Myths and legends of electric bicycles; Green Innovation gaining traction inworld export markets
The ‘Electric Bikes World Wide Report’ (published in 2009) recently estimated that
population of Light Electric Vehicles (LEV’s) has now exceeded 100
million units, and indicated that Europe represents the second largest growth marketafter China. In response to a number of concerns voiced about in regard to safetyand the merits of claims made in relation to the sust
ainability of LEV’s, the EU has
published two documents: the first establishing the legal definitions of whatconstitutes an electric cycle and the second outlining their policies for the promotionof such modes of transport.
While the European Union’s ‘Intelligent Energy’committee may be fully behind the promotion of LEV’s,
some sceptical voices havebegun to raise questions about
the ‘safe and green’ credentials of
the electricbicycle, citing recent e-bike bans in China. How justified are these criticisms towardsthe e-bike, and are there any grounds for concern?The Chinese market for electric bicycles has grown exponentially- in 2009, morethan 22m units were sold along with many more millions of kits for home assembly.The automotive industry in China has, alongside their economy, changed rapidly inthe last decade, with tens of millions of rural dwellers moving to cities and accessingmotorised transport for the first time. This rapid growth in auto ownership has filledurban road capacity in cities like
Zhuhai and Guangzhou,
compounding civic planningadjustment issues that authorities in Europe- where patterns of migration are clearlydifferent- would be able to mitigate at a more comfortable pace.However, in China it would appear that the main concerns of local governmentscome not from environmental issues but from the safety hazards of crowded andcongested streets, to which electric bikes can be a perilous addition. Importantly,many of the bikes in China are actually electric scooters , pedal-free with a throttle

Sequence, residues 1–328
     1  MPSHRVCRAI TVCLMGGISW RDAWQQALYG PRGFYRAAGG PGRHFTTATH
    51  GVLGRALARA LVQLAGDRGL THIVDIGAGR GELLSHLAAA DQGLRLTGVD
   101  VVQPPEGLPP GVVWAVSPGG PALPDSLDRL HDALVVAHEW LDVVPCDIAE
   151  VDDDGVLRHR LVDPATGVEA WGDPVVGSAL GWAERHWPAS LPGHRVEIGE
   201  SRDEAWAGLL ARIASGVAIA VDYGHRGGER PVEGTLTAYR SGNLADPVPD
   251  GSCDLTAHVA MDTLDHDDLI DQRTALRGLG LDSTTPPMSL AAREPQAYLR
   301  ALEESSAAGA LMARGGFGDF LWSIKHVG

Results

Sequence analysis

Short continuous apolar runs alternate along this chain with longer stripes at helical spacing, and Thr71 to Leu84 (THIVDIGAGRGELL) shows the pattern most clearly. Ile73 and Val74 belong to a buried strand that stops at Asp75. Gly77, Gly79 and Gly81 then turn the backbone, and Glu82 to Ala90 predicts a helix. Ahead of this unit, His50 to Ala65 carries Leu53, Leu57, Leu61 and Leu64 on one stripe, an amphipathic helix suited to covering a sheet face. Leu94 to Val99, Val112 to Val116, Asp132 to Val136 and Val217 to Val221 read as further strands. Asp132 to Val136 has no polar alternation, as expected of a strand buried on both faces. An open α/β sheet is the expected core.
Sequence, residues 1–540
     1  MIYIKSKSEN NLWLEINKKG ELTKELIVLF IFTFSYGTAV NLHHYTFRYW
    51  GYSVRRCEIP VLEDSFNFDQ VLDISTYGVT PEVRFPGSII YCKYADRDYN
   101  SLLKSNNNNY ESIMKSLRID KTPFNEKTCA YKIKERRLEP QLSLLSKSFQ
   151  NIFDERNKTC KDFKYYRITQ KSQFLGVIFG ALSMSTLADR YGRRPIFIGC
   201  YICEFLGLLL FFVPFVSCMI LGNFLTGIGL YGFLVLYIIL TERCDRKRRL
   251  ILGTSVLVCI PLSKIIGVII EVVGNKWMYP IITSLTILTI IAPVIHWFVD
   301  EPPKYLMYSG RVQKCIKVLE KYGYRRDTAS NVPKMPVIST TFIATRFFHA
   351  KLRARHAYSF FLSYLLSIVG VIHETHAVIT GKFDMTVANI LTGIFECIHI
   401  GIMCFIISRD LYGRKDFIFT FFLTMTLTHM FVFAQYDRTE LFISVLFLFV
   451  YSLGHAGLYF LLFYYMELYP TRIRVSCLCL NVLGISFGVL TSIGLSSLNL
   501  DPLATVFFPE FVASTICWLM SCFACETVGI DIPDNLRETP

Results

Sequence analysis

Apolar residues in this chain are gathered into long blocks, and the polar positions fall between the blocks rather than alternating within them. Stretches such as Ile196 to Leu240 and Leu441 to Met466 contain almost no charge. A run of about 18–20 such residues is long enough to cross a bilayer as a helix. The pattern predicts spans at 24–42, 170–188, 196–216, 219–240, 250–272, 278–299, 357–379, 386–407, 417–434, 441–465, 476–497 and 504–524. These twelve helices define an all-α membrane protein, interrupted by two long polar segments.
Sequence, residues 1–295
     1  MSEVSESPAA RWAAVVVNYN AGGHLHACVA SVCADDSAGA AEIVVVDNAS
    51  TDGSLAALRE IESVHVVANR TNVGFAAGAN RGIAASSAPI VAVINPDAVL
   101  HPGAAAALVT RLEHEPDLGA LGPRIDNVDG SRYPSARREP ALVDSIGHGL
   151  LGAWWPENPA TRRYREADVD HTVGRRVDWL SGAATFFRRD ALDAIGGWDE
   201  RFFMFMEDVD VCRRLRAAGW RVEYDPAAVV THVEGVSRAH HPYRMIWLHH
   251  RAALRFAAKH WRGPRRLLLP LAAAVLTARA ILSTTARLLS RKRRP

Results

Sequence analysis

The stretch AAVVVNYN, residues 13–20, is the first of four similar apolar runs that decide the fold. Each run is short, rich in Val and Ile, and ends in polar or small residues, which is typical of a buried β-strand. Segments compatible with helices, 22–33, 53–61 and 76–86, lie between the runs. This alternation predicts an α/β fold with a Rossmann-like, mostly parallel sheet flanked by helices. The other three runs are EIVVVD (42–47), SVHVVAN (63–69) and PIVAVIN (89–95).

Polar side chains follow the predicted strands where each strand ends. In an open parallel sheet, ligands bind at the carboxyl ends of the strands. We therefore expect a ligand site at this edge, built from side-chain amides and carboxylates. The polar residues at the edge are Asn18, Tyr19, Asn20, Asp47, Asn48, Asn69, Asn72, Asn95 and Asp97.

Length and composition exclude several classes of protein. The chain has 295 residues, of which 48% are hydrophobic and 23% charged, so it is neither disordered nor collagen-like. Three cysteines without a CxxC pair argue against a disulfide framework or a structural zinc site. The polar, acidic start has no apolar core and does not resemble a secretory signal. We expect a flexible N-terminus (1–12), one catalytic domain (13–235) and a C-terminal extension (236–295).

and therefore not ‘
e-bikes. Some Chinese officials in particularly congestedareas have not only taken the regulation route favoured in Europe, but have bannedthe use of electric bicycles altogether. Beijing, however, has also recognised that theelectric bike is the primary transport method by which Chinese cities can realisticallycombat pollution and congestion while remaining accessible and economicallyactive. With that in mind, Chinese authorities are partnering with businesses andpioneering methods of making e-bikes greener.
E-bikes, the Environment, and Safety
The main environmental issue to be addressed for e-bikes is the battery ; lead-powered acid
batteries cause harm not from ‘tailpipe’ emissions but
rather from theproduction, recycling and the disposal processes of batteries, spread over the lifecycle of the vehicle. In the Chinese market, the relatively cheaper lead acid batteryhas proven popular; but manufacturers are now being compelled by the Chinesegovernment to use greener lithium batteries. In a volt to volt comparison, lead acidbatteries are four times cheaper than the higher energy density Lithium-ion (Li-ion)favoured by European and UK distributors such as http://www.theelectricbikeco.com.
However, they last for a fraction of the time, so in terms of life cycle costs are lessener
gy efficient and more expensive. China’s e
-bike manufacturers, such as Xinri,are now partnering with universities in a bid to improve their technology.